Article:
Ruthie Henshall: Rights of care home residents ‘fully delegated’

The human rights of care home residents are “entirely delegated” to care homes that have “a lot of power”, actress Ruthie Henschel has said.

Experts likened the care sector to the “Wild West” as the Joint Committee on Human Rights heard evidence on the impact of restrictions on vulnerable residents during the coronavirus pandemic.

MPs and colleagues were listening to the evidence as part of their new investigation into protecting human rights in care settings.

Henshall, whose mother Gloria passed away in May last year, said it was “absolutely devastating” to see her rapid decline as she was effectively spending “serious” alone time in her bedroom.

While she was given the status of a caregiver required to go inside the house, her sister had to push her hand through the window into her mother’s room to hold her hand before going inside.

She said that on Christmas 2020 she too was only able to see her mother from a window, who was in tears as she could not understand why her daughter did not come in.

The West End star, who is an ambassador for the campaign group for Residents, said: “I saw a huge decline in my mom – in four months.

“Their human rights are completely delegated to a business, not to the people who really matter and care.”

She said: “I think there is too much power in care homes, and they are not being monitored properly.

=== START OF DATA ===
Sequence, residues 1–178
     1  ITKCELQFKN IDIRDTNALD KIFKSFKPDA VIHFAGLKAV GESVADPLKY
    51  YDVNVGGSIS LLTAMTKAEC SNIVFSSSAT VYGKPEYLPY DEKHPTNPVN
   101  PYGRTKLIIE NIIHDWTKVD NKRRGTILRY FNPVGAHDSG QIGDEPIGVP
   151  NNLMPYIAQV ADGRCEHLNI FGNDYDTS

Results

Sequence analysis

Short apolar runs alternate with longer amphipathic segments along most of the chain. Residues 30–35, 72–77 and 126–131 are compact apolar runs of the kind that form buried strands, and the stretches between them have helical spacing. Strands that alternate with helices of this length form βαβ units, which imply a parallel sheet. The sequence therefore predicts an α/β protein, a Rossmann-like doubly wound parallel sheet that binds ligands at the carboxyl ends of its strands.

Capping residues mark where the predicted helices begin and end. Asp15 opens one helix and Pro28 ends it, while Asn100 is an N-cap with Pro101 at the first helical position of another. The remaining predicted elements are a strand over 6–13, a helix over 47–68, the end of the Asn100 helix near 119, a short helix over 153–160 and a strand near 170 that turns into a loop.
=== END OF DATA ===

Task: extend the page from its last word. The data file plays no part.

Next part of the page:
“And that’s to me, one of the big, big problems is that it seems we say very little about the care of our loved ones.”

She said it is “essential” that the right of an essential caregiver is enshrined in law, adding that the current guidance is “open to interpretation”.

Carolyn Abrahams, charity director at Age UK, said families lose control over the care of a loved one once they enter a care home, and it is a “rights-free zone” for both families and residents.

She added: “And so put those two issues together and you regularly, frankly, end up with tragedies.

“It’s been the most terrifying time for older people in care homes, partly because so many people in particular had died before … the isolation of so many people, that’s really the people they see the most.” Too much love is the most important thing in their life, and take it away and often there’s not much left.”

She said: “It’s a wild west and there are no rights.

“So are we surprised where we are? It’s a complete lack of framework to protect people who, you know, are[at]one of the most vulnerable times of their lives.”

Helen Wildbore, director of the Relatives and Residents Association, said older people in care “face the most serious, most sustained assault on their human rights that we have ever seen”.

Government guidance still fails to balance the risk of the coronavirus against the risk of isolation and “needs an urgent and complete overhaul”, she said.

She told the committee: “We know that segregation is having hugely damaging effects and it’s not just on well-being – it’s on people’s lives, it’s on their dignity, it’s on their freedom and their autonomy, and it’s on care. Providers tell us they want to do more to facilitate safe and meaningful connectivity and feel they can do it safely, but they feel bound by government guidance.

“And how would I describe it trying to wrap people in cotton wool, and it’s just not possible, it’s not desirable and it’s not legal.”